Meetings have to have an agenda. We’ve said it time and time again. Meetings without an agenda are mostly useless. Your time is wasted, the other people participating also have their time wasted, and everyone goes home feeling that they’ve accomplished nothing.
So when YOU organize a meeting, you have an agenda, you have goals, you invite the right people, and you certainly don’t leave the meeting without letting everyone know what decisions were made, and what they need to do to get those decisions moving.
But what happens when someone else organizes the meeting, and they don’t have a clue? Do you go the the meeting, and grind your teeth through twenty minutes of pointless chit chat, 30 minutes of last-meeting-rehashing, and ten minutes of wondering when the minute will be over? Or do you follow these three simple tips?
1. Help with the agenda
In most cases, it isn’t that the meeting organizer doesn’t have a meeting agenda or goal – he simply hasn’t thought about it. Nobody calls meetings for no good reason. The reason might not be good enough (it might be a strictly updates meeting, which can be done by sending an email), but the meeting organizer believes that a meeting is necessary.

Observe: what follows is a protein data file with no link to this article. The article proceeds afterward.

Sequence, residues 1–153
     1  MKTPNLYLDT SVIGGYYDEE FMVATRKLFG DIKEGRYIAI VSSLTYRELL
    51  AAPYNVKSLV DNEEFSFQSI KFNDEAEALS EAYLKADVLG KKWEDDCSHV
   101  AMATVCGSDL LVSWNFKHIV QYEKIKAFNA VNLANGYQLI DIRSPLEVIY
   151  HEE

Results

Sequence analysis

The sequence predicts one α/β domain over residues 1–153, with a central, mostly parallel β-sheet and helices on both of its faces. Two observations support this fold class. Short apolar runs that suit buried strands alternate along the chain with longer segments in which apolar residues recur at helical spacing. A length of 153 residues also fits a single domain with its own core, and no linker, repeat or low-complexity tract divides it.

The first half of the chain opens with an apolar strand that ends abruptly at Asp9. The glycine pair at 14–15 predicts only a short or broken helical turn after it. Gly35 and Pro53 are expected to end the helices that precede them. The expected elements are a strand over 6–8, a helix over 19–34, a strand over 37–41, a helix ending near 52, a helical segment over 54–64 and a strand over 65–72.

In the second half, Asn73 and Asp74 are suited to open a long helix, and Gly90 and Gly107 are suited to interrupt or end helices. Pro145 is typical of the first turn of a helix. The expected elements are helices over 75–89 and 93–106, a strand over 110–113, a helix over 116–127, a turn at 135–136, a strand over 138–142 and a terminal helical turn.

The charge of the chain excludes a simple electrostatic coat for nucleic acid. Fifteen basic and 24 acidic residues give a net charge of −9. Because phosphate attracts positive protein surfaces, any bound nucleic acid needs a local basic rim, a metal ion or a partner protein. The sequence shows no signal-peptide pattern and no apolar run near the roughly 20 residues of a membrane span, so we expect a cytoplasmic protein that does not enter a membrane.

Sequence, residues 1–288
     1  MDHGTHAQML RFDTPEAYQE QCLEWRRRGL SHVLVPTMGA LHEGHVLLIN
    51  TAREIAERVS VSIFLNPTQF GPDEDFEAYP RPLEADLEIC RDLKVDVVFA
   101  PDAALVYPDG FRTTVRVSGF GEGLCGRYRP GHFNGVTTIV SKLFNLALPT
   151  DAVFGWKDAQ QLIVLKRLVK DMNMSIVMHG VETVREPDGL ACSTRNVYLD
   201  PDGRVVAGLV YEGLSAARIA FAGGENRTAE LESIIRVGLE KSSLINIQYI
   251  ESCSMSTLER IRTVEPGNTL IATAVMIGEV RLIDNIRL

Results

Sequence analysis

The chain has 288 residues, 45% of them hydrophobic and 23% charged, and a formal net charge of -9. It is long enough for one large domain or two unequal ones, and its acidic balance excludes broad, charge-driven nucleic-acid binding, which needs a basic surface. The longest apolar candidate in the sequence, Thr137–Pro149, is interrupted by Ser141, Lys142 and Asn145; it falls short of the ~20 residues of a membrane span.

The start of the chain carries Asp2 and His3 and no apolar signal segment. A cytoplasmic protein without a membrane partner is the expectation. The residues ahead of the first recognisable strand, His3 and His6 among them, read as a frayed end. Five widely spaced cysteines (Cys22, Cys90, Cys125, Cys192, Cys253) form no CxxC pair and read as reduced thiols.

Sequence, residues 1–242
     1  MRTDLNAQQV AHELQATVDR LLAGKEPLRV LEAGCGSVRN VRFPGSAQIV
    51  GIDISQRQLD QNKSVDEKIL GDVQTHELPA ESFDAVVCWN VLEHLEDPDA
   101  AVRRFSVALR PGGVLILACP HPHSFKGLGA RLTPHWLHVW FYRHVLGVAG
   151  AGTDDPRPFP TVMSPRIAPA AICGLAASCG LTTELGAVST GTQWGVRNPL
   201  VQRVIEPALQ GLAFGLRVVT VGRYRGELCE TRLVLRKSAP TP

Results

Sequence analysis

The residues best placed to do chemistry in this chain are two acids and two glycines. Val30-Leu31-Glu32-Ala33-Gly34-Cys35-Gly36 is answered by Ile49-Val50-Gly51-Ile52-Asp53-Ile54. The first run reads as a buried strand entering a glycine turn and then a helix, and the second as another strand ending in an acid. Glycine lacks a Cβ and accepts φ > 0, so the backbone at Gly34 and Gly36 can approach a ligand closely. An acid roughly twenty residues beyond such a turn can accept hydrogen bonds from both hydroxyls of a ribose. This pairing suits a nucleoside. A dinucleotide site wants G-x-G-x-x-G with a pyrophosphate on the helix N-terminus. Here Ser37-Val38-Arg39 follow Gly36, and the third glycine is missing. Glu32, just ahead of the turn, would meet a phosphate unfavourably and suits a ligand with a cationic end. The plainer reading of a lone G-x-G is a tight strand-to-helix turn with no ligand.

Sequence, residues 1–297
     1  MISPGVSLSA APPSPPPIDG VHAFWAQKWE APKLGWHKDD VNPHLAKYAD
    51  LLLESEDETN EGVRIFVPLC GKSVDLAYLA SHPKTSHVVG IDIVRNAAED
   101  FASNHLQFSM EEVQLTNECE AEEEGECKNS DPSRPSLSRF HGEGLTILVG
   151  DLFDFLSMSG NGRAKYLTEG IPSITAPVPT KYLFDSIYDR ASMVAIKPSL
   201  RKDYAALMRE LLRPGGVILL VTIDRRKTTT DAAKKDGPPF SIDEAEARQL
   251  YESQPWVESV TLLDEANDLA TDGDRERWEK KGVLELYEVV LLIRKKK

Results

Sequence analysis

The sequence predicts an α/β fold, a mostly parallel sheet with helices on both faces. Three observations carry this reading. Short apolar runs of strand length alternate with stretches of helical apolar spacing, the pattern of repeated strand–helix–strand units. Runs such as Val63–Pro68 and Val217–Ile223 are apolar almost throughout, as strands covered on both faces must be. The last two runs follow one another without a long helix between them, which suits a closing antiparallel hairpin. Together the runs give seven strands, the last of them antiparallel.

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Talk to them. Understand the goal of the meeting, and make sure that they understand the importance of an agenda, that a meeting without an agenda is like shopping without a list. At the very least they should have some idea of what the meeting will be about, and send it in advance, so that the other meeting participants can come with a bit of background preparation.
2. Create your own agenda
In some cases, you can’t get the meeting organizer to come up with a goal, or purpose for the meeting, nor can you successfully explain to them the importance of an agena. If you have managed to understand a little bit about what the meeting organizer wanted from the meeting, then YOU write the agenda.
Be diplomatic about it, but when the meeting starts, steer the discussions into the direction of your own agenda. As the meeting will be directionless, people will probably welcome some sort of structure in the meeting, and at least you’ll be able to get some work done.
3. Don’t go
I realise this isn’t always an option, but if all else fails, simply don’t go. Meetings that not even the meeting organizer knows why they are taking place are a waste of your time, their time, and anyone else who attends the meeting. No decisions will take place, and even if by some chance they do, they’ll probably be overturned five minutes later.
If the meeting has no agenda, and try as you may you can’t explain why an agenda is needed, help write an agenda or write your own – just say ‘No’.